Politics are being reinvented for young voters thanks to New Era Colorado, a non-profit, multi-issue organization.
Founded in 2006 by a small team of college graduates, the organization has grown to serving active citizens and young leaders in Colorado through education. New Era Colorado strives to provide the resources and tools for young people to become educated voters.
A team of dedicated volunteers helps run and maintain the organization. The entire team is made up of four separate entities including the staff, volunteers, interns, the Board of Directors and the Advisory Board.
Steve Fenberg is the executive director of New Era Colorado. Fenberg graduated from CU with a degree in environmental studies and was a part of the small group responsible for the creation of New Era Colorado.
Fenberg said that his idea to form an organization like this came from his active participation in the student government while he was an undergraduate.
“I wanted to take what I had learned to a different level by allowing young people to be more involved in politics,” Fenberg said.
Fenberg works full-time with the organization and runs the entire show from a small office space in downtown Boulder. Working with him is a small team of committed staff members, but he is still actively involved with all that goes on.
“I do a little bit of everything,” he said. “From running programs to internships to fund-raising and voter registrations.”
Despite having the opportunity to be in charge and head various projects, Fenberg said that his favorite part about the job is when he gets to be on the scene.
“One of my favorite parts about the job is when I actually have the time away from my desk to help out with the actual program,” Fenberg said. “It’s one of the moments when you realize what you’re actually working for.”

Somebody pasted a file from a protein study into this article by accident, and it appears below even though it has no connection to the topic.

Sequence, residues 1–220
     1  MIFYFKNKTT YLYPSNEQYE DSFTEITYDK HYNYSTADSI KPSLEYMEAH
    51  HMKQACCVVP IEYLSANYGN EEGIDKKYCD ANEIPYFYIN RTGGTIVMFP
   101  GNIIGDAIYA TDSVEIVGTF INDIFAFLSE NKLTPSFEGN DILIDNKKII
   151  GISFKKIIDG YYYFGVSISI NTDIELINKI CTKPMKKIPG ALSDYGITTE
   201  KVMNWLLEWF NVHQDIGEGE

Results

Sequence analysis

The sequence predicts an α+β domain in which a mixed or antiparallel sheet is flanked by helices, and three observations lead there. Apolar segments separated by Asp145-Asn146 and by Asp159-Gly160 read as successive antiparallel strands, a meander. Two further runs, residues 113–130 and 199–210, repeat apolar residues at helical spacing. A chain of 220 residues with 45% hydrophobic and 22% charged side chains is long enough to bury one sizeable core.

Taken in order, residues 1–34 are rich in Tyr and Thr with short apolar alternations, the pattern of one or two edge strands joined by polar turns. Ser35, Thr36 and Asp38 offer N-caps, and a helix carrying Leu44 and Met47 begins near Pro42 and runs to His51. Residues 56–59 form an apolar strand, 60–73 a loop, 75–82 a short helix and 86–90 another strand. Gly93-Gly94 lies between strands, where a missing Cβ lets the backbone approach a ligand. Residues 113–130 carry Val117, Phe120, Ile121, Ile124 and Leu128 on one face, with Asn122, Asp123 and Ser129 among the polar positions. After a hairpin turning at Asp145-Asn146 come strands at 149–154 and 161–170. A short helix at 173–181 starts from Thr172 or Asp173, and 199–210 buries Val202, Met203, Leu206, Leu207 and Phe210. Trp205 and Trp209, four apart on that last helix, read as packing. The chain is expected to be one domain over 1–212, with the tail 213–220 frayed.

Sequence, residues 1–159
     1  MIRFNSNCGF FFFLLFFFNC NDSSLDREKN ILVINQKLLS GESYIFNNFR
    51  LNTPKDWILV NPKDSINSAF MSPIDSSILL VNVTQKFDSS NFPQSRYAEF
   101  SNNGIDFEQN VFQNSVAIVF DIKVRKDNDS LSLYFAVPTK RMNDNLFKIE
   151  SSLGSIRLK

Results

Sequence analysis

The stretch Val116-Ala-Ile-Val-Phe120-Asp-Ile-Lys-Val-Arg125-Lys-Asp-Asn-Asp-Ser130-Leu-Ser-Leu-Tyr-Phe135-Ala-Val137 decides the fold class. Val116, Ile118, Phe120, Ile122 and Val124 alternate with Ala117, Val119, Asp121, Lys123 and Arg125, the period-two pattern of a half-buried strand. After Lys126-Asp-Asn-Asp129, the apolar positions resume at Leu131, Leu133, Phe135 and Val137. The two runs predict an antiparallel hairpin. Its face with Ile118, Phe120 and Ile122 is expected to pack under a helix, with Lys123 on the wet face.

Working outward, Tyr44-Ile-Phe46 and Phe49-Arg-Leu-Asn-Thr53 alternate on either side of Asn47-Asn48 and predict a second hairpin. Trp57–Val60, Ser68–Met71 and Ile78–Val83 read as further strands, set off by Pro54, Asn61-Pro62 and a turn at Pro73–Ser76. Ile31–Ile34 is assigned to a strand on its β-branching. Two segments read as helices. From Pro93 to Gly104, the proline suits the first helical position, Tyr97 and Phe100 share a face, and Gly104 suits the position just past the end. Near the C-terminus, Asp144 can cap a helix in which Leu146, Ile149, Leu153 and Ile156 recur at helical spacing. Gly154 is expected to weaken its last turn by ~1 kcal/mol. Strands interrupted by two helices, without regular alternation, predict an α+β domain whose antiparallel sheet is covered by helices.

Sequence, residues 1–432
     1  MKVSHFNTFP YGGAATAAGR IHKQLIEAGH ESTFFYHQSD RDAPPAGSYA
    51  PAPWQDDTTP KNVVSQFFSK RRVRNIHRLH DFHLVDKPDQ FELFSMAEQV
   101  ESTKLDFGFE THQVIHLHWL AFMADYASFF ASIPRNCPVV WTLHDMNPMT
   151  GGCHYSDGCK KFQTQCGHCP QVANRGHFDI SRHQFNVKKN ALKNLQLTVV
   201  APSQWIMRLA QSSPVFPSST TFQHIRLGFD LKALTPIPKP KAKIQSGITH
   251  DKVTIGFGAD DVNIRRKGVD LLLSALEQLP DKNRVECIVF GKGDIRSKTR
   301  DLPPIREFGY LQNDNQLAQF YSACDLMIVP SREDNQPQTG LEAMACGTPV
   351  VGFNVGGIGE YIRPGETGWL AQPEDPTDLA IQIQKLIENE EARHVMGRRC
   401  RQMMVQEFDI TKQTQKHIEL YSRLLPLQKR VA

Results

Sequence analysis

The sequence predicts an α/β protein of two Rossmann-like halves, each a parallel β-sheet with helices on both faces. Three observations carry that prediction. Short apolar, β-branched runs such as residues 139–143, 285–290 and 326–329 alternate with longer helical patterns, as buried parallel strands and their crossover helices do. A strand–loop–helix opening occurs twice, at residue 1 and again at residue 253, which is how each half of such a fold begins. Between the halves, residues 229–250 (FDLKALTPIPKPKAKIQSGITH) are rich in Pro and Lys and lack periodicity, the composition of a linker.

He said New Era Colorado has registered a total of 30,000 voters since last year. They aim to register 20,000 more next year.
Besides voter registrations, Fenberg said New Era Colorado takes effort in giving year-round leadership programs. Participants who take part attend classes for part of the program and they also have the chance at running real campaigns.
Julia Harrington, a 21-year-old senior and political science major is currently a student-fellow at New Era Colorado.
Harrington first joined the organization in September 2008 as a volunteer and said she finds her position in the organization rewarding.
“One of the best things about being a part of New Era Colorado is being able to see the hope in what young people can do,” Harrington said. “Our voices are often ignored and I am thankful that we have this organization to make sure that our voice is heard.”
One of the larger symbols of New Era Colorado is their bus that makes the occasional appearance during their campaigns and tabling sessions.
Fenberg said the bus serves more than just a form of transport for people.
“It helps bring out the fun within the group,” Fenberg said. “But also, it always helps raise the profile for New Era Colorado.”
Catie McNellis, a 21-year-old junior and human resource major had never heard about the organization but said she was enthusiastic when she was told about it.
“I love the idea of the organization,” McNellis said. “I personally want to register to vote, and I won’t vote unless I feel like I am educated enough on the subject.”
Contact CU Independent Staff Writer Adelina Shee at Adelina.firstname.lastname@example.org.